UBS branches out into Sharia banking

UBS is moving into the Arab world with the opening of a branch in Bahrain, where it will operate according to Islamic banking principles under Sharia law.

This content was published on August 1, 2002 - 12:51

The branch, a wholly owned subsidiary of UBS, will operate under the name Noriba Bank BSC, and will be the first Western bank to offer wealth management to locals in a Muslim country.

The bank, due to open in September, will offer financial services including portfolio management, private equity, leasing and foreign exchange.

Under Sharia law, banks are not allowed to charge or pay interest - termed "usury" in the Koran - and instead use a system based on the sharing of capital gains.

"We've had to design our products to make them interest-free so, for instance, with deposits we'll make investments with clients and share the capital gains with them," Christoph Meier, a spokesman for UBS, told swissinfo.

"Similarly with loans, we'd share the gains from the investment [that customers make with the loans]."

Meier said that the new bank would be as rigorous in screening potential customers as banks in Switzerland, and that the due diligence banking rules would apply.

Immoral business

In addition, the bank will not be allowed to deal with companies that engage in practices considered immoral under Sharia, such as gambling, tobacco and pornography.

UBS has appointed a local expert to advise the bank on the rules of Sharia, Meier added.

The bank said the move into Bahrain was part of a wider strategy in which it envisaged expanding into Muslim countries.

"We're certainly looking at expanding into the Muslim world, where we see a business potential of around $180 billion," Meier said, adding that there was a gap in the market in providing financial services for Muslim clients.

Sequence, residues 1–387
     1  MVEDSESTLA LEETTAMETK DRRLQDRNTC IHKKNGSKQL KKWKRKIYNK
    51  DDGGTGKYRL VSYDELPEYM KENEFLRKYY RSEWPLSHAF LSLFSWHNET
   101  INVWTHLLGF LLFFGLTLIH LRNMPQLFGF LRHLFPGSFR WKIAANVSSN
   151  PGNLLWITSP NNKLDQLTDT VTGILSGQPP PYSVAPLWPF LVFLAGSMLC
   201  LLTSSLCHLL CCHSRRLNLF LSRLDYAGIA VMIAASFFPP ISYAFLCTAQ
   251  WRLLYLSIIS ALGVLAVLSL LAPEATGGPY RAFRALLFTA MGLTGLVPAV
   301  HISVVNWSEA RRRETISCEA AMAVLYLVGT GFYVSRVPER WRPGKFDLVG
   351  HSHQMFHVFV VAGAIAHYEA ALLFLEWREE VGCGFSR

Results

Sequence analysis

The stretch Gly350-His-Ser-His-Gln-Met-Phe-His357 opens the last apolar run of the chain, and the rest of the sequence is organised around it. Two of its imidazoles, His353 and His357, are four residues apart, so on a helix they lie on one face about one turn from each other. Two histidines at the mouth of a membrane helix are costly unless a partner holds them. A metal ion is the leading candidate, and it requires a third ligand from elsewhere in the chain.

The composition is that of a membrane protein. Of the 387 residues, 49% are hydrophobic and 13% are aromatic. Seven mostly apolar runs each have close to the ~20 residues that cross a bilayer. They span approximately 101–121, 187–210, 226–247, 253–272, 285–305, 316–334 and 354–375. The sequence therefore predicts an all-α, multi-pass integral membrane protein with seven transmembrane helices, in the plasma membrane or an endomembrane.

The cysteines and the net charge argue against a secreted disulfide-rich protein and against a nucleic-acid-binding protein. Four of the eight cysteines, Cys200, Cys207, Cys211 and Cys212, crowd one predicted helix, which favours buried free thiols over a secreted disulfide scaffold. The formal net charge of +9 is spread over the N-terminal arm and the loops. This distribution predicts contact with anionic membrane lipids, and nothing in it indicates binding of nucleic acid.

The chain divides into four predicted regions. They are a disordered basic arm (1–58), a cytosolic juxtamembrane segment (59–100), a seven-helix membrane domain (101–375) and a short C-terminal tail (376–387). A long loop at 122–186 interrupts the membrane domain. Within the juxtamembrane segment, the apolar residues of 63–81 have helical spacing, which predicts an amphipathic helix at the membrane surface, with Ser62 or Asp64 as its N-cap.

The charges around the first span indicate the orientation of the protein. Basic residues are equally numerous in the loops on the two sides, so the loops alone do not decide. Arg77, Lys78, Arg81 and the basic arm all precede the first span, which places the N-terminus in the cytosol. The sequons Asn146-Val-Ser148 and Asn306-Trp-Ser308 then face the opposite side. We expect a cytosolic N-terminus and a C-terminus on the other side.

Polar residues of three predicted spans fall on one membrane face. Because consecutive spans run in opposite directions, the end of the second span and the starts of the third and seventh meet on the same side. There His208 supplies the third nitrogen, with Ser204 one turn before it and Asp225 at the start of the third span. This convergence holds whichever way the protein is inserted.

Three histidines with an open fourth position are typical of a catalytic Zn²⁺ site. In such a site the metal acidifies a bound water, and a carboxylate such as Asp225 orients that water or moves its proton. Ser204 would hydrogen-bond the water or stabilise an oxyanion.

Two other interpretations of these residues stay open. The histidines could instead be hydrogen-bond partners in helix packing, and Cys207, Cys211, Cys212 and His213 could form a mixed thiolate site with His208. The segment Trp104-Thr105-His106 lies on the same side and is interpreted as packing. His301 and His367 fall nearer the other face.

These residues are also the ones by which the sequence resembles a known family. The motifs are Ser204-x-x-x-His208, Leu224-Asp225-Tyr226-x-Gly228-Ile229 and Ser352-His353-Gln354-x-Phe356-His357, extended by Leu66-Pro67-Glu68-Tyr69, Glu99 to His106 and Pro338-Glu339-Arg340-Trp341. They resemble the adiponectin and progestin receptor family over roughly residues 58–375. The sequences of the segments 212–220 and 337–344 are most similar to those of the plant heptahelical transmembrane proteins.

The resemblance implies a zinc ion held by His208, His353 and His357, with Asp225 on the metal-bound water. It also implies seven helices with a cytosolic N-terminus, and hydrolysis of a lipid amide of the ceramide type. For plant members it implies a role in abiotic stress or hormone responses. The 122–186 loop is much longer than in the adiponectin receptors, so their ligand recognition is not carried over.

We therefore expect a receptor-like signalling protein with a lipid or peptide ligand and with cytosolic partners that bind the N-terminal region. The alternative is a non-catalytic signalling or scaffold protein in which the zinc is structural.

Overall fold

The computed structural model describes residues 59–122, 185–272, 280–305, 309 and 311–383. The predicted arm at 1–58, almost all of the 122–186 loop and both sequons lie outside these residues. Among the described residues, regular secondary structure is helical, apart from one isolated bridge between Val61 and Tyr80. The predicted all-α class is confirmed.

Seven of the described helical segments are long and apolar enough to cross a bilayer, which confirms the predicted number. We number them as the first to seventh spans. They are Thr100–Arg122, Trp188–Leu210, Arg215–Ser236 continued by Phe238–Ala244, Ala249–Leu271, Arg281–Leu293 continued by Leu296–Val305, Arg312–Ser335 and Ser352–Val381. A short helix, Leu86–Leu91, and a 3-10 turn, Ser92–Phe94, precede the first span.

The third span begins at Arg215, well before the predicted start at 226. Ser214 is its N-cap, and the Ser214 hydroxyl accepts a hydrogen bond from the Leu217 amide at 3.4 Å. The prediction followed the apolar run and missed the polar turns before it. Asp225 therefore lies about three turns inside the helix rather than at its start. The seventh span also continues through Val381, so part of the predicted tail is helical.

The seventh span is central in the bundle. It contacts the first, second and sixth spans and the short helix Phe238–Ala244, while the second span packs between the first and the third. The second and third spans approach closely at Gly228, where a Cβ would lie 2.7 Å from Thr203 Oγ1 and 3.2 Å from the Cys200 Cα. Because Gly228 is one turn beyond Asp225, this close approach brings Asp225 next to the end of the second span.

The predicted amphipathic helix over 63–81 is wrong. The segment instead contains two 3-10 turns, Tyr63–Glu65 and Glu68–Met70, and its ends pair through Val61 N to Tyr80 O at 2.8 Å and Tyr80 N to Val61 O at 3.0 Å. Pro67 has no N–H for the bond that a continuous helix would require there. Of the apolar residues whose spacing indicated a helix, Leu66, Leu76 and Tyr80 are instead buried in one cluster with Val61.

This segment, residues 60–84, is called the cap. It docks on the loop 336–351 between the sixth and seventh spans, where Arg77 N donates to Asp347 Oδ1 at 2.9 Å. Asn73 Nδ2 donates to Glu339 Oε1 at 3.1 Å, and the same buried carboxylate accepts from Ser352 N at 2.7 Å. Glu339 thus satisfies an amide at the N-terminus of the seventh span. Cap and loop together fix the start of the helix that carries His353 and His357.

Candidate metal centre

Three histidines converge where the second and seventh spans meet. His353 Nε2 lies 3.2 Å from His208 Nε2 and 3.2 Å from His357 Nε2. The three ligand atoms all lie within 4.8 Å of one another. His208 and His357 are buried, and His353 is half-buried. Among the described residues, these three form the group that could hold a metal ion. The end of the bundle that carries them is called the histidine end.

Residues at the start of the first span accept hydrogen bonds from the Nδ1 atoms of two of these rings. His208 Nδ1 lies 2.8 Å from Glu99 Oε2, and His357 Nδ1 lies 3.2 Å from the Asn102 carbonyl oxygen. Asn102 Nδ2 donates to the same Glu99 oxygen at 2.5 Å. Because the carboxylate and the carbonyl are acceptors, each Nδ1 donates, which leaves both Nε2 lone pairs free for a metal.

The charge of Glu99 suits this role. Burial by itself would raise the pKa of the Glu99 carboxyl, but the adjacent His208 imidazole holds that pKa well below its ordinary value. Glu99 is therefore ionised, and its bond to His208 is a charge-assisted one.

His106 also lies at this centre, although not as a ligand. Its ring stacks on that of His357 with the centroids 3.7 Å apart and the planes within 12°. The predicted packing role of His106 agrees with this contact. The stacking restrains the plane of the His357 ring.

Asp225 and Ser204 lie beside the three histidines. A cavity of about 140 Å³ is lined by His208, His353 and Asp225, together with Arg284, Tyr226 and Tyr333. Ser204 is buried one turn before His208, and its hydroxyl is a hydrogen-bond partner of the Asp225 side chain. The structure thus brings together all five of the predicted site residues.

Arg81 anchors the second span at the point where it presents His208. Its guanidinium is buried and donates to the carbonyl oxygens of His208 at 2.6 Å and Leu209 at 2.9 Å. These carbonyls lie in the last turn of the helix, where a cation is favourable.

"There are only few Western banks that have moved into that market either jointly with local banks or by opening Sharia-compliant windows for their Muslim customers - but so far UBS will be the first to bank dedicated to wealth management to operate from an Arab country."


In compliance with the JTI standards

In compliance with the JTI standards

More: SWI certified by the Journalism Trust Initiative

You can find an overview of ongoing debates with our journalists here. Please join us!

If you want to start a conversation about a topic raised in this article or want to report factual errors, email us at

Sort by

Change your password

Do you really want to delete your profile?

Your subscription could not be saved. Please try again.
Almost finished... We need to confirm your email address. To complete the subscription process, please click the link in the email we just sent you.

Discover our weekly must-reads for free!

Sign up to get our top stories straight into your mailbox.

The SBC Privacy Policy provides additional information on how your data is processed.